Weekly Cybersecurity Roundup #8
"I think computer viruses should count as life. I think it says something about human nature that the only form of life we have created so far is purely destructive. We’ve created life in our own image." - Stephen Hawking
Mandrake Android malware stealing Facebook, crypto data since 2016
Every day we see unique instances of malware come up, different from any that we have seen before. In a world so driven with innovation, not being surprised can become difficult. One such malware named Mandrake has been reported just yesterday by Cybersecurity firm Bitdefender in a report detailing its workings since 2016.
NXNSAttack technique can be abused for large-scale DDoS attacks
A team of academics from Israel has disclosed today details about NXNSAttack, a vulnerability in DNS servers that can be abused to launch DDoS attacks of massive proportions.
According to the research team, NXNSAttack impacts recursive DNS servers and the process of DNS delegation.
Recursive DNS servers are DNS systems that pass DNS queries upstream in order to be resolved and converted from a domain name into an IP address.
These conversions take place on authoritative DNS servers, the servers that contain a copy of the DNS record, and are authorized to resolve it.
However, as a safety mechanism part of the DNS protocol, authoritative DNS servers can also "delegate" this operation to alternative DNS servers of their choosing.
FBI warns US organizations of ProLock ransomware decryptor not working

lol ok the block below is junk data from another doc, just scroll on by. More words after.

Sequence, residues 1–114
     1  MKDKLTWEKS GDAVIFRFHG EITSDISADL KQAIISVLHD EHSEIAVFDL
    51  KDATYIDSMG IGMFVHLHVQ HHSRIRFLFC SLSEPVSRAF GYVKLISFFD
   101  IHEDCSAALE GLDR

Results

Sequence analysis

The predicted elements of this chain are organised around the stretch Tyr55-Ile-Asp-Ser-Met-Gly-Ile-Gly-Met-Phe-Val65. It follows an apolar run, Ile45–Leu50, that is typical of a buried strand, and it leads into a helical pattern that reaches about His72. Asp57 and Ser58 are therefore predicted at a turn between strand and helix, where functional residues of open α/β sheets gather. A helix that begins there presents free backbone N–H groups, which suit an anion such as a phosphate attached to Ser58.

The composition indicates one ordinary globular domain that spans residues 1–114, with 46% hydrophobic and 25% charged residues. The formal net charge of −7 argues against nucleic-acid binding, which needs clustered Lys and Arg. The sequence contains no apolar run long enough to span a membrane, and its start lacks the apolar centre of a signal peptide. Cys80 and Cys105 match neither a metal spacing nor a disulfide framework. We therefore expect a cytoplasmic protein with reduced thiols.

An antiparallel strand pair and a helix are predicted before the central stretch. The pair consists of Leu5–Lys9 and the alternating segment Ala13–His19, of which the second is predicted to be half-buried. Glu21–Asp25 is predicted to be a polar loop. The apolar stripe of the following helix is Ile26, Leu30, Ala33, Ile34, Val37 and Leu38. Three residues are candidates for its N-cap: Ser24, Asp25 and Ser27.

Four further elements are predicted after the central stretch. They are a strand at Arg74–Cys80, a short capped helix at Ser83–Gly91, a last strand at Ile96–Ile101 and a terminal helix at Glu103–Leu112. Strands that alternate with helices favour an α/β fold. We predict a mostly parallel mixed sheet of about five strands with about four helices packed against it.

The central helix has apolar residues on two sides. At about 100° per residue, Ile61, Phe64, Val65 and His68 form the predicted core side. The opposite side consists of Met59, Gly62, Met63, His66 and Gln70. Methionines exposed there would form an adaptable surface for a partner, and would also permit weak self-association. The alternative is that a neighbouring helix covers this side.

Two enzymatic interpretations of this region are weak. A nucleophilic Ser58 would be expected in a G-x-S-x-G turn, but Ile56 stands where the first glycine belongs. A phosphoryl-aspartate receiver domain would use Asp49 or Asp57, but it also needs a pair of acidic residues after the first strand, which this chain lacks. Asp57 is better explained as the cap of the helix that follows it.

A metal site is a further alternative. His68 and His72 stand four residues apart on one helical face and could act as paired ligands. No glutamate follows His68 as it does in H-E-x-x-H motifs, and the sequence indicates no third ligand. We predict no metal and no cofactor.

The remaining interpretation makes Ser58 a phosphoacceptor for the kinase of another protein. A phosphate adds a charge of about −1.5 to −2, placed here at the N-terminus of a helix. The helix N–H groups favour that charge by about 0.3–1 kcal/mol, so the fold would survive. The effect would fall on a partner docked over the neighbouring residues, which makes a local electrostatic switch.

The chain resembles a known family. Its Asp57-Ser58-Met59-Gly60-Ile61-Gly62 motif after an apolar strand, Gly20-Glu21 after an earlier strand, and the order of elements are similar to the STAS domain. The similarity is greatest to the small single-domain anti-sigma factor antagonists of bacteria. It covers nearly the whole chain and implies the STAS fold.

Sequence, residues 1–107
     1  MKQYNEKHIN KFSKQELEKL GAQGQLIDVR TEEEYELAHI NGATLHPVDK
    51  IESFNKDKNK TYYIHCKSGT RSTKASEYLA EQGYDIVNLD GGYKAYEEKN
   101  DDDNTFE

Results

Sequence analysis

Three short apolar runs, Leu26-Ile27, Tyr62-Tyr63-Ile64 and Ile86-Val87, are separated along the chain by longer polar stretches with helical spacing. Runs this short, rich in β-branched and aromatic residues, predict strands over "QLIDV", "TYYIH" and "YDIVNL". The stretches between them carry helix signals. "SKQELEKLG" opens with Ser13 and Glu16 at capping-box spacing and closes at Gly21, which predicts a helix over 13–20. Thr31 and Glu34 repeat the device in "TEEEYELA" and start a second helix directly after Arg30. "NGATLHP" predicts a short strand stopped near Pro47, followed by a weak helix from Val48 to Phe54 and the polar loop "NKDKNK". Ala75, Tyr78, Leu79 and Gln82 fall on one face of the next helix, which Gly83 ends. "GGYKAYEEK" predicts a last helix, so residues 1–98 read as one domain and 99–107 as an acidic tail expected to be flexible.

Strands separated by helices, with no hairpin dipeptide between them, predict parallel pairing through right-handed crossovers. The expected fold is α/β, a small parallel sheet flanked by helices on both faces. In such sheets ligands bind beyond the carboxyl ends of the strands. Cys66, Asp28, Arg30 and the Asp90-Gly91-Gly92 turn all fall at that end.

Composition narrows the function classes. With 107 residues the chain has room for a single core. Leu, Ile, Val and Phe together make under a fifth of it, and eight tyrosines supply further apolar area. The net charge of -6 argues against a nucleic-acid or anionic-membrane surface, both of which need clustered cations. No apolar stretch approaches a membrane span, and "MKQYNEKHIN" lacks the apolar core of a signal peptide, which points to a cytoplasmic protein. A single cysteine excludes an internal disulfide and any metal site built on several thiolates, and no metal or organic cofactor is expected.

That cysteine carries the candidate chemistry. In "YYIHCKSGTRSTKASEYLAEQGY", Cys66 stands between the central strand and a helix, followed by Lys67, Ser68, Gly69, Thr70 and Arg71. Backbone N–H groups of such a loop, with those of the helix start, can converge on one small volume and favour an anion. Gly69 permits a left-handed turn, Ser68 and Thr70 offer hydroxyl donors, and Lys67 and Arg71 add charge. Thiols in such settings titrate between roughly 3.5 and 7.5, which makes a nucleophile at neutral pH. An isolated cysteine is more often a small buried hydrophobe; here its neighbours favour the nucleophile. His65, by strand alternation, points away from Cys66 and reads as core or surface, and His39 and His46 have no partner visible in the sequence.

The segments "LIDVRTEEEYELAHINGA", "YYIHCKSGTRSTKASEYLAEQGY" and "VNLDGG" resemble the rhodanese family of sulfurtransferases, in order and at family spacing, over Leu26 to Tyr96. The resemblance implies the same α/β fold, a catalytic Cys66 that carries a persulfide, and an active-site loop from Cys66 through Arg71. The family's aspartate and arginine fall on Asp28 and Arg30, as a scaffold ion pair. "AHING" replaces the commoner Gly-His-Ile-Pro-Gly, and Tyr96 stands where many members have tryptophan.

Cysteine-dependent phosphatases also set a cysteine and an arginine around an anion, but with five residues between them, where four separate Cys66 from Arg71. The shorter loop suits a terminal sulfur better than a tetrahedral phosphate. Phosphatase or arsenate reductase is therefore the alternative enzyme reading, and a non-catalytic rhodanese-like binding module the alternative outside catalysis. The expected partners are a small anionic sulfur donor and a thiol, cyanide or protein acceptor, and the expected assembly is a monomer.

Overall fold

The FBI issued a flash alert to warn organizations in the United States that the ProLock ransomware decryptor doesn’t work properly.
Early this month, the FBI issued a flash alert to warn organizations of the new threat actor targeting healthcare, government, financial, and retail industries in the US.
“The decryption key or ‘decryptor’ provided by the attackers upon paying the ransom has not routinely executed correctly,” states the alert.
“The decryptor can potentially corrupt files that are larger than 64MB and may result in file integrity loss of approximately 1 byte per 1KB over 100MB.”
The wolf is back...
Cisco Talos has discovered a new Android malware based on a leak of the DenDroid malware family. We named this malware "WolfRAT" due to strong links between this malware (and the command and control (C2) infrastructure) and Wolf Research, an infamous organization that developed interception and espionage-based malware and was publicly described by CSIS during Virus Bulletin 2018. We identified infrastructure overlaps and string references to previous Wolf Research work. The organization appears to be shut down, but the threat actors are still very active.
We identified a notable lack of sophistication in this investigation such as copy/paste, unstable code, dead code and panels that are freely open.
Police Catch Suspects Planning #COVID19 Hospital Ransomware
Police in Europe have swooped on a cybercrime gang they suspect of planning ransomware attacks using COVID-19 lures against hospitals.
The four-man “Pentaguard” group was formed at the start of the year, according to the Romanian Directorate for Investigating Organized Crime and Terrorism (DIICOT).
It amassed tools including ransomware, remote access trojans (RATs), and SQL injection tools to launch attacks against public and private sector organizations with the aim of stealing data, defacing websites and encrypting key systems.